Home Sciences Killer whales are learning to ‘steal’ fish from humans

Killer whales are learning to ‘steal’ fish from humans


The legends of the Spanish sailors of the 18th century led to orcas being known as a ‘killer’ animal, given their cunning, speed and lethality when hunting their prey. Today, science shows that these marine mammals are much more than those fearsome beings from the tales of yesteryear. Their intelligence and resilience have been essential to allow them to adapt to a much more difficult world, where the inclemency and the scarcity of food generated by the human being has forced them to become true experts in looting. The killer whales have learned to steal fish in order to survive.

Your goal in this new skill is focused on deep fishing activities. Without fear and with a polished technique, these cetaceans they are able to get food in the fisheries exploited by man as if it were an ‘open bar’.

This has been shown by a recent investigation, published in the journal Biology Letterswho also discovered that It is not an isolated fact or that it is part of the behavior of a few especially skilled killer whales, since this procedure is beginning to be learned in a habitual way among the pods as another hunting method.

“Our results show how changes in prey availability due to human activities lead to rapid and progressive innovation in killer whales”, point out the scientists, who explain that the new behavior can even “alter the ecological role of this apex predator”. The work involved studying the eating habits of killer whales living off the coast of the Crozet Islands, which are located in the southern Indian Ocean.

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In this archipelago, the commercial fishing of Patagonian black hake, also known as Chilean sea bass, has been highly developed. Since the 1990s, fishing for this animal has gradually increased. Patagonian toothfish are caught with longlines along the ocean floor, usually using large fishing lines with a large number of hooks that catch individual fish.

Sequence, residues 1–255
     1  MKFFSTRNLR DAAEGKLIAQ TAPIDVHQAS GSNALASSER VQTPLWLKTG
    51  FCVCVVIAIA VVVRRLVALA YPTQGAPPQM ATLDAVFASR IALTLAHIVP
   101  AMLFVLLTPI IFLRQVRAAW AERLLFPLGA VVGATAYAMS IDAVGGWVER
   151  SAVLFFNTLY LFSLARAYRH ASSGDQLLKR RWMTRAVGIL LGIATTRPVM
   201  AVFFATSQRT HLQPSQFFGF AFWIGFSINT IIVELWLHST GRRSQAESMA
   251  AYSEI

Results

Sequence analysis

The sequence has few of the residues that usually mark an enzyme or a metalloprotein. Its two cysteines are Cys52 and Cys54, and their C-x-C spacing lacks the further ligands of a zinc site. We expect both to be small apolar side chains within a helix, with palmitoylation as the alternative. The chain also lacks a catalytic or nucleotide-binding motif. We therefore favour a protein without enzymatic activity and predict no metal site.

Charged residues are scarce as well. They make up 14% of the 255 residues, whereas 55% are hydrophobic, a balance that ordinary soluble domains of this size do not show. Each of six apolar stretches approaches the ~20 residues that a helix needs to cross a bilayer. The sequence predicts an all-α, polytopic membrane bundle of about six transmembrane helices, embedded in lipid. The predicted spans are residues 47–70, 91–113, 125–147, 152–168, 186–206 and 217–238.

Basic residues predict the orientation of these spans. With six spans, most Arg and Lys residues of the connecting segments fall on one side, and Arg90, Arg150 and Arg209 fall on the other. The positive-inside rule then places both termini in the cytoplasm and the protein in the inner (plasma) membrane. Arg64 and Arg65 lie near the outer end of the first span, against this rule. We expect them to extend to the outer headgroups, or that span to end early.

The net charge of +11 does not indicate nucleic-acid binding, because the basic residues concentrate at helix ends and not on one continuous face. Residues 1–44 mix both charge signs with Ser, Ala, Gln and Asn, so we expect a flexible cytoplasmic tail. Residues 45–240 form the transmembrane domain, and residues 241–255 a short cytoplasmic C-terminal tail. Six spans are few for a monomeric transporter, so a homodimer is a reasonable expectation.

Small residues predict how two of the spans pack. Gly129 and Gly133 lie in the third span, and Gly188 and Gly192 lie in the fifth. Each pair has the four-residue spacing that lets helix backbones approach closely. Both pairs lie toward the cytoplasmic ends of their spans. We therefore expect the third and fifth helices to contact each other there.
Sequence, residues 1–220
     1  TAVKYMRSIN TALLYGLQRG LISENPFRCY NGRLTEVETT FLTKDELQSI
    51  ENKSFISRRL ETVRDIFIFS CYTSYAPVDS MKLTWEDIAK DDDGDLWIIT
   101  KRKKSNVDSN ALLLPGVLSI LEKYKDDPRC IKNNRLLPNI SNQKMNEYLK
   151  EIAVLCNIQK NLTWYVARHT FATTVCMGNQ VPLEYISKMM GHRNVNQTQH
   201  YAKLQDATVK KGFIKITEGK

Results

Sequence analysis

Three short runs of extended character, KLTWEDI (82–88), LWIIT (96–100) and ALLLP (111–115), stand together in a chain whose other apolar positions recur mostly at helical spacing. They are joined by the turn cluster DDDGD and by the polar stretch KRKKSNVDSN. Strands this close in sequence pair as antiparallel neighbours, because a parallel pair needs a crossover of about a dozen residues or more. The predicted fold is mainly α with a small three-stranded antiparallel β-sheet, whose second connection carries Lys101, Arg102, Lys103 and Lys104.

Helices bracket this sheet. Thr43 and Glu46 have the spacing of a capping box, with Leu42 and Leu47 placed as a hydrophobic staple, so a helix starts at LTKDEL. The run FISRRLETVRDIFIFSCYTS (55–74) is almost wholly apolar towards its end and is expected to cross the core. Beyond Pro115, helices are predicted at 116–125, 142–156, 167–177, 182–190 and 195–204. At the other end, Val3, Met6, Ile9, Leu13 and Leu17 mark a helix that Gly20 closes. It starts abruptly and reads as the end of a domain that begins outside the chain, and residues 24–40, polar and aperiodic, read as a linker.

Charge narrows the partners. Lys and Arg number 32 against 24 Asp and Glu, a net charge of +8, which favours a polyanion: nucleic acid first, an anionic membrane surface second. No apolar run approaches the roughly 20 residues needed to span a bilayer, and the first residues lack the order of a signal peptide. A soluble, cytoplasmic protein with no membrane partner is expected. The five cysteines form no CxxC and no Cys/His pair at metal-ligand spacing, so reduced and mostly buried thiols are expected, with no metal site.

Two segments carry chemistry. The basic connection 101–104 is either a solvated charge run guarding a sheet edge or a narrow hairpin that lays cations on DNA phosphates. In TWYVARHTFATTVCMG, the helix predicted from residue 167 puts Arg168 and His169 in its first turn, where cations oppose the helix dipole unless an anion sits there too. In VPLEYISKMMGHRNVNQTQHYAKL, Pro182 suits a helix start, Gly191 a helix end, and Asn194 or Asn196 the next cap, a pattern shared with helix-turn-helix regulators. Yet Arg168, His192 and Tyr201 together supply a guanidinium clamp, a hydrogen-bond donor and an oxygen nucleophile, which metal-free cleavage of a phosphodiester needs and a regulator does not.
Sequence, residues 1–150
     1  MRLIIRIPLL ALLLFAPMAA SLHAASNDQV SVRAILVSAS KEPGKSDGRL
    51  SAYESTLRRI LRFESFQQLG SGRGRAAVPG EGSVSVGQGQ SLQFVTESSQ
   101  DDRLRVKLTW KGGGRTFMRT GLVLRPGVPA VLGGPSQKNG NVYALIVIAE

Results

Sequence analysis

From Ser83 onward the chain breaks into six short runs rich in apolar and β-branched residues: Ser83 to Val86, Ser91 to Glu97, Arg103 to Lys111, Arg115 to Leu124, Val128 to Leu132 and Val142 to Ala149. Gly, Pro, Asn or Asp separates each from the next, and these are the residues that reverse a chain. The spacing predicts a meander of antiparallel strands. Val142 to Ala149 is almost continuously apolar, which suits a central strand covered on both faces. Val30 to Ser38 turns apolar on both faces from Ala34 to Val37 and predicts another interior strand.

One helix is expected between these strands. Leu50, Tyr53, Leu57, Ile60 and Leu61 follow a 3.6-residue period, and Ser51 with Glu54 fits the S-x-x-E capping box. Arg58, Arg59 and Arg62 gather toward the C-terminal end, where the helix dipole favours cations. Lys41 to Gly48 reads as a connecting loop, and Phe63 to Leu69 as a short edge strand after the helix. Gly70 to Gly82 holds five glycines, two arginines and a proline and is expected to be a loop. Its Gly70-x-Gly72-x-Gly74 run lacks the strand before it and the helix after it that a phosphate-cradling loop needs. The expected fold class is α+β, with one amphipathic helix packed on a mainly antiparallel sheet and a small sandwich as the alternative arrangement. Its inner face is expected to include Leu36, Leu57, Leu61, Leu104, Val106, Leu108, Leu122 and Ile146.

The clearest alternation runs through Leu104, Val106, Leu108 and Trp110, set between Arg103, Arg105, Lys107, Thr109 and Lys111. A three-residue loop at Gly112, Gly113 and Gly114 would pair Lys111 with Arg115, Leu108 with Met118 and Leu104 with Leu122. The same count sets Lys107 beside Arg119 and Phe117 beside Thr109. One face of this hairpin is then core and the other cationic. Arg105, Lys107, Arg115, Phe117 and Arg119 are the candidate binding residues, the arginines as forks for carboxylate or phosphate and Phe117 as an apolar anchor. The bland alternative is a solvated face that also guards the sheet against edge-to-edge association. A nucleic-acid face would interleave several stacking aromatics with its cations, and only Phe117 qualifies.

The environmental impact is very high, as these fish reproduce very infrequently. In fact, they do not reach sexual maturity before 20 months and constitute a vulnerable species in situations of overfishing, for which the Convention for the Conservation of Antarctic Marine Living Resources limits their fishing by setting quotas. For this reason, overfishing can cause great damage to the ecosystem and this is already being reflected in the behavior of its predators.

lose their fear of stealing

Previous research had shown that killer whales residing in this area prefer to feed on toothfish. At the same time, local fishermen and marine scientists had noticed that killer whales they are less and less afraid to swim into human-populated areas to steal fish directly from fishing netsor from eating the remains of discarded fish after they have been gutted.

Noting such incidents were on the rise, the researchers wondered if it was because more killer whales were heading to the area to steal the fish, or if these area mammals were learning how to make such raids. Analyzing data from 2003 to 2018, they noted that cases of killer whales eating fish off hooks were indeed increasing.

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In 1996 it was reported for the first time that an orca, from the populations that scientists studied, had fed on fishing catches. By 2014, 80 of the 100 killer whales in the group had started doing so.

Behind this behavior is overfishing. In the 2000s, as the toothfish population declined, killer whales found it much harder to make a livinguntil one day they realized that the humans had left them a whole ‘free rod’ in the fishing lines.

The scientists were surprised to see that the killer whales had not only managed to adapt to the new food needs in a short period of time (in less than 30 years), but also they were also teaching each other to do it. “Given that a part of the behavior of killer whales is learned through socialization, it can be expected that predation is transmitted from those who have invented it to the rest of the group”, they highlight in the research.

In short, the study shows how these socially complex animals respond to the alteration of their environment by human activity. “The human, by altering the availability of resources in ecosystems, can lead to new behaviors that spread between individuals of species capable of innovating in response to changes in their environment”, they sentence.

They also insist that “fishing can generate feeding opportunities for large marine predators in the form of discards or accessible catches.”

Reference report: https://royalsocietypublishing.org/doi/10.1098/rsbl.2021.0328

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